There are also other compromises for the OLED screen. The x360 configuration with the OLED option has a midrange quad-core Core i7 processor and entry level Nvidia MX150 separate graphics, as opposed to the six-core chip and the 1050-series GPU that you can get with the most advanced x360 . HP told me that it limited the chip options because the OLED screen has more energy than the LCD screen it used in the other model, and it wanted to maintain a certain battery life. So you can have either the fastest internal components or the best screen, but not both at the same time, which is frustrating.

That does not mean that the Specter is slow. It is more than sufficient for daily productivity work, photo editing and even some light video editing. But if you really need processing power, it won't be as fast as other laptops in this class or even HP & # 39; s high-end x360.

For the battery life, the average of just over six hours was between the charges in my daily use, namely surfing the internet in Chrome, using Slack, e-mail, Word and Twitter with a screen with a brightness of 50 percent. That's about average for a 15-inch laptop in my experience, so the OLED screen doesn't really touch the battery too much more than usual. (HP estimates the battery life at 13.5 hours, but that's based on a looping video test, not a real job, so take it with a grain of salt.) I expect a longer battery life from a smaller, more portable laptop, so the battery performance of this generation of OLED screens matches the available size.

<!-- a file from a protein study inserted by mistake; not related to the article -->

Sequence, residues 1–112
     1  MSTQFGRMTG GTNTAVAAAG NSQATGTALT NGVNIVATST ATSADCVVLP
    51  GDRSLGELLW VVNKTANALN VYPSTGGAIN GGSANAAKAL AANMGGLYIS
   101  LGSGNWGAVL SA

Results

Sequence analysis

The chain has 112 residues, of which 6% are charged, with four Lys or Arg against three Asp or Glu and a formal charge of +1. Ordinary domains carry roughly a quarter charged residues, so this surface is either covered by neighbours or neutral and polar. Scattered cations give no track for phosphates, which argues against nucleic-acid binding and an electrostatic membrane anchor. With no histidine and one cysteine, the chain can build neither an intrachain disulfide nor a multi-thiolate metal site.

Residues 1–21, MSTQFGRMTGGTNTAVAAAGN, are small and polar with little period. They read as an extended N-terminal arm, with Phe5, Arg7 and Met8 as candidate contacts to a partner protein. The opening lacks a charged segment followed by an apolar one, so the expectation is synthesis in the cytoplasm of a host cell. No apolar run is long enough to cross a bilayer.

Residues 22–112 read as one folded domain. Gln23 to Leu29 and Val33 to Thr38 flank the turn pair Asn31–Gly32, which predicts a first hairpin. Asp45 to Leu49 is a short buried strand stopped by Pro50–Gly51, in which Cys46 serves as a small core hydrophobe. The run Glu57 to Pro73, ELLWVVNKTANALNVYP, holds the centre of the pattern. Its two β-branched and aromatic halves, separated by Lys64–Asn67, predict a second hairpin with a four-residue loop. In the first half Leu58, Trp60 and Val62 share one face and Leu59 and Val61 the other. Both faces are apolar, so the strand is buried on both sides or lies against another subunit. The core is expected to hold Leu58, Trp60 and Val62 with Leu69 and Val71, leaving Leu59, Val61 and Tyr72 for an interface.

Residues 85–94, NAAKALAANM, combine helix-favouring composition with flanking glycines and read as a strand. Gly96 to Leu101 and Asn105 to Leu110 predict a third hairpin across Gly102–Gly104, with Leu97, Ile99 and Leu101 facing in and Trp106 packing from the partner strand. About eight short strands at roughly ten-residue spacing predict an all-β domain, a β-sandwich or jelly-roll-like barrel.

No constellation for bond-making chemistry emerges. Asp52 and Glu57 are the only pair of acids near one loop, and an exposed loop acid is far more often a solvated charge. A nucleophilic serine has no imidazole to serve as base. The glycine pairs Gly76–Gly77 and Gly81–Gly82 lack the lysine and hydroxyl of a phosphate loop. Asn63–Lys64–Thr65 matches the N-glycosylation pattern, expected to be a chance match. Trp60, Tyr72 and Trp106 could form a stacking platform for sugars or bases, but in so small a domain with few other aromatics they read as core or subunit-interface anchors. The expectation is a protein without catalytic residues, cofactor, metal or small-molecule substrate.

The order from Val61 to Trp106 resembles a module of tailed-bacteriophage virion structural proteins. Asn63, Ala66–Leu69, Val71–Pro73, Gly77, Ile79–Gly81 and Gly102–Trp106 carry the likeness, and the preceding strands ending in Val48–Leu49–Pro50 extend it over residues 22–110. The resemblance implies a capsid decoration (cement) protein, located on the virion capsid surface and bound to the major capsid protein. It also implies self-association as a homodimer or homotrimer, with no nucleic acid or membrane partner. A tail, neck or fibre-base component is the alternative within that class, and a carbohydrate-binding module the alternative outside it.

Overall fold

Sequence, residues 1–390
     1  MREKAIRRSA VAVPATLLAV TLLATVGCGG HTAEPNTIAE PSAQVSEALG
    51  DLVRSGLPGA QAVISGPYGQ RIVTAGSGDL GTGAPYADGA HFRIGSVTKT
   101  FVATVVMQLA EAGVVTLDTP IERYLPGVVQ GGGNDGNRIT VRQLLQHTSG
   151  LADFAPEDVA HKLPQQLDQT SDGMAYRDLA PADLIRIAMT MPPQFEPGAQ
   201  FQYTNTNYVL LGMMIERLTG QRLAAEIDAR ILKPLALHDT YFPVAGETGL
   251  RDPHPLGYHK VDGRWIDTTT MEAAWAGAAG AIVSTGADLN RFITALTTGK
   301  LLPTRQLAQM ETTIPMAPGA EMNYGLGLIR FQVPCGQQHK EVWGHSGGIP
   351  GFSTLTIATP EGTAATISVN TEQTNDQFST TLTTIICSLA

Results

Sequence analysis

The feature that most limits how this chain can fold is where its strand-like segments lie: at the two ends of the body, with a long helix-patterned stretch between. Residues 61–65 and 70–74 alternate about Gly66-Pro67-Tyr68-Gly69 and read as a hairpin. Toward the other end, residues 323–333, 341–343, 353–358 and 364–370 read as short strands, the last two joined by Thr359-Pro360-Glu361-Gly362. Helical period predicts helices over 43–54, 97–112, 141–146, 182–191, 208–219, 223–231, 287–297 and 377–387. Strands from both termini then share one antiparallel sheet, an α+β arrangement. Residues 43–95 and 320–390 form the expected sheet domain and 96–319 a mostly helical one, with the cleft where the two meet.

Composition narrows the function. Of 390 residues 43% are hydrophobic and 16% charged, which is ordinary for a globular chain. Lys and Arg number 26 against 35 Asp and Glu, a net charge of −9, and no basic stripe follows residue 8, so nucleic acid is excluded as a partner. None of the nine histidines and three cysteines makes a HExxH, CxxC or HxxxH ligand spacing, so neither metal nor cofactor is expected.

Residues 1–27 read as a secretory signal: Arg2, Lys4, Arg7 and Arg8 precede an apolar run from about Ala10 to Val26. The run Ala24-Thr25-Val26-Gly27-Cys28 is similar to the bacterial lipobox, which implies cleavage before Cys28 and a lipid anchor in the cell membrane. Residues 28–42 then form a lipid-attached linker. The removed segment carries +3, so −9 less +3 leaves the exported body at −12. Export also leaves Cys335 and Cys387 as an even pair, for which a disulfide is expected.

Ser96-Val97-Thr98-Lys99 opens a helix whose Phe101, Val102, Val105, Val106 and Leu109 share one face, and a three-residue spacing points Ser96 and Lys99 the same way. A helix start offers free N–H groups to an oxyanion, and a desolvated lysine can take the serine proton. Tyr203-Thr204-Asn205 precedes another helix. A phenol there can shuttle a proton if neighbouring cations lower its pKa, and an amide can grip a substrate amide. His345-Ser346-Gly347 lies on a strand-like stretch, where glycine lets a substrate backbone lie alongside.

The rest of the Specter x360 15 AMOLED is basically the same as the Specter x360 13 that I discussed earlier this year, with the exception of the extra numeric keypad next to the keyboard and a full-size HDMI port in addition to the two Thunderbolt 3 ports.

The keyboard is simple enough to type on, the hinge is at the same time flexible and sturdy and there are enough ports available that I can use to leave dongles at home. It also has a physical switch to turn off the webcam, so there is no need for a large sticker or cover.


Frustrating – and if you've read an earlier HP review, you know what I'm going to say – the trackpad is terrible. I would go far enough to say that it is worse than the 13-inch models. It is large and has a smooth glass finish and reassuring click, but sliding with it is miserably jerky, multi-finger gestures are slow and frustrating to perform and it has poor palm rejection. It's bad enough to say that you don't have to buy this computer completely. (Scrolling in the beta version of Microsoft's Chromium-based Edge browser is in fact not functional, since two fingers are always read as a right-click, not as a slider, but since that is technically still in beta, I give HP that.)

The cause of these problems again appears to be the use of the Synaptics drivers & # 39; s by HP instead of the highly superior Windows Precision & # 39; s software from Microsoft, which almost all Windows laptops have switched to. HP seems to finally change course with some of its most recent models and ultimately with the use of Precision trackpads, but unfortunately this Specter is not one of them.

So you should see the Specter x360 15 AMOLED as a good example of a laptop with an OLED screen that is practical, relatively affordable and does not make major compromises for a better display. As I noted earlier, this year HP is not the only laptop manufacturer with an OLED laptop, and with prices coming on the panels themselves, I am sure there will be many more to choose from in the near future.